A new SEI working paper aims to help federal and state policy-makers wind down oil, gas and coal extraction, through the use of principles that consider not only economics and science, but also equity and other critical social dimensions.
The paper comes as House Democrats – newly in control of the chamber – have put climate change back on the Congressional agenda, with a slate of hearings scheduled over the next few days and weeks.
“With this paper, we hope to provide a structure for guiding what will no doubt be a difficult dialogue,” said report author Peter Erickson, an SEI senior scientist. “Phasing out production comes with political challenges, and it will require a democratic dialogue that engages impacted communities and various stakeholders.”
Globally, meeting the global warming limits in the Paris Agreement will require fossil fuel consumption and production to almost immediately peak, with a rapid decline thereafter. Several countries are already winding down new exploration and production. The working paper helps advance that conversation in the U.S., by outlining how the federal government and state-level resource managers could begin to fairly decide which regions need to phase out extraction most rapidly.
“The U.S. should take on a leadership role in aligning fossil fuel production with climate limits. It is one of the world’s very top fossil fuel producers – both historically and currently – and has tremendous financial resources,” said Jessica Koski, an SEI associate who is the lead author of the paper. “This phase-out must be done equitably – both as an ethical imperative and a political necessity.”
In their working paper – titled Principles for aligning U.S. fossil fuel extraction with climate limits – Koski and her colleagues detail three guiding principles that policy-makers can use to inform the pace and structure of the necessary decline in production:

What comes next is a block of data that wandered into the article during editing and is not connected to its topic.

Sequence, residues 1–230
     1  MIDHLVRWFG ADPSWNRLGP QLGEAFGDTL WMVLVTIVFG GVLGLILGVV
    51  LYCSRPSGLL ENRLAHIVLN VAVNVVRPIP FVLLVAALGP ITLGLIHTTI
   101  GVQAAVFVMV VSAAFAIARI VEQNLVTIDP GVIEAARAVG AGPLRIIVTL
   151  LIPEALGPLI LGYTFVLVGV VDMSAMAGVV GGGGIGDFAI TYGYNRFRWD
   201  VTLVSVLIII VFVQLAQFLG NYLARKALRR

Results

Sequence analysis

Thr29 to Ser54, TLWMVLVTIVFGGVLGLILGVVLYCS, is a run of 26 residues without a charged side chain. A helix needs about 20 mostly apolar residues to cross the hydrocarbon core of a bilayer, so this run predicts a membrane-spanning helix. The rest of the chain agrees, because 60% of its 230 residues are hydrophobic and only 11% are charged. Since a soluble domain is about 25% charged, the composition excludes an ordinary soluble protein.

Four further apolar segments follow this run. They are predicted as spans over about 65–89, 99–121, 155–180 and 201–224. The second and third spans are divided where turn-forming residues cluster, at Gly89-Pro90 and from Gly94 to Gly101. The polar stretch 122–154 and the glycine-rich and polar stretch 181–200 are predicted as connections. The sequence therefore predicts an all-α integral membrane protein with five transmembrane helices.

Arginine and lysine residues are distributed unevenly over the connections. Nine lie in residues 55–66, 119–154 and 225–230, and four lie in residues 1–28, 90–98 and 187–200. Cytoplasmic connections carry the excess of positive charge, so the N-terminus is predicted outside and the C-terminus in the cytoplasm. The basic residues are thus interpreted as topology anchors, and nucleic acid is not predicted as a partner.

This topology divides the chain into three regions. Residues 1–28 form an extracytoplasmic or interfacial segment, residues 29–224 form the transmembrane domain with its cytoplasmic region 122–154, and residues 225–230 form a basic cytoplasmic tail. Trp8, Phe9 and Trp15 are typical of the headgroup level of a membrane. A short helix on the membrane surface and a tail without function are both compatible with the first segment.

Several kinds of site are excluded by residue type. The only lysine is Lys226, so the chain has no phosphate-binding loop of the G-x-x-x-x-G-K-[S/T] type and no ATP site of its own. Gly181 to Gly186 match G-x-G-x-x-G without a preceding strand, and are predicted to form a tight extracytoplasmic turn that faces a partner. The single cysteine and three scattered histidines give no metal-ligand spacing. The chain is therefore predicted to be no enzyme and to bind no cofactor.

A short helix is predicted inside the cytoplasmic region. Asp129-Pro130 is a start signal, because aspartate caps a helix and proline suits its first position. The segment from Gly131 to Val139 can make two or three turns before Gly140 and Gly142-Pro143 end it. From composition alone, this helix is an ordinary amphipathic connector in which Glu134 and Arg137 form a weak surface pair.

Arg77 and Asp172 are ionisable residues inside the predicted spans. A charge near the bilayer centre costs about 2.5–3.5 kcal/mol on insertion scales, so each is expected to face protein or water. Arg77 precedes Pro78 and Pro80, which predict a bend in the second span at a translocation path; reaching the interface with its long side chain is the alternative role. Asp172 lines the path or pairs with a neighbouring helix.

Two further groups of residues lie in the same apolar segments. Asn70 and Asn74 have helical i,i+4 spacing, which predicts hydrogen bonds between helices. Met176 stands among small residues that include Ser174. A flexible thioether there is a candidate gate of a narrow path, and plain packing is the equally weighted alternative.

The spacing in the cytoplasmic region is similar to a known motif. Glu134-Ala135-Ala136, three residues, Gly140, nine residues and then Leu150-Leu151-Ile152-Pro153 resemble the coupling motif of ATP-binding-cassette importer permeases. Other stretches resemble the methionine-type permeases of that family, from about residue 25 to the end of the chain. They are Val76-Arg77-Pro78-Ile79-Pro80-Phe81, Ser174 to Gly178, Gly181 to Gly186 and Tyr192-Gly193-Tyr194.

- Reduce fossil fuel production at a pace consistent with climate protection. Move even faster where fuels are the most carbon-intensive and costly.
- Accelerate the phase-out where communities are most resilient. Consider what financial resources can be made available to communities where adaptation will be more difficult, and involve local communities in shaping their post-fossil-fuel economies.
- Safeguard human rights, cultural resources and the local environment. Minimize harm by rapidly phasing out extraction where it threatens Indigenous rights, public health and areas of high conservation value.
“Federal and state agencies have an opportunity to ensure that the transition away from fossil fuels is equitable and fair, rather than sudden and disruptive,” said co-author Sivan Kartha, an SEI senior scientist. “The principles in our paper will hopefully further the discussion, so policy-makers can plan an effective phase-out of fossil fuels that has the buy-in of the American public.”
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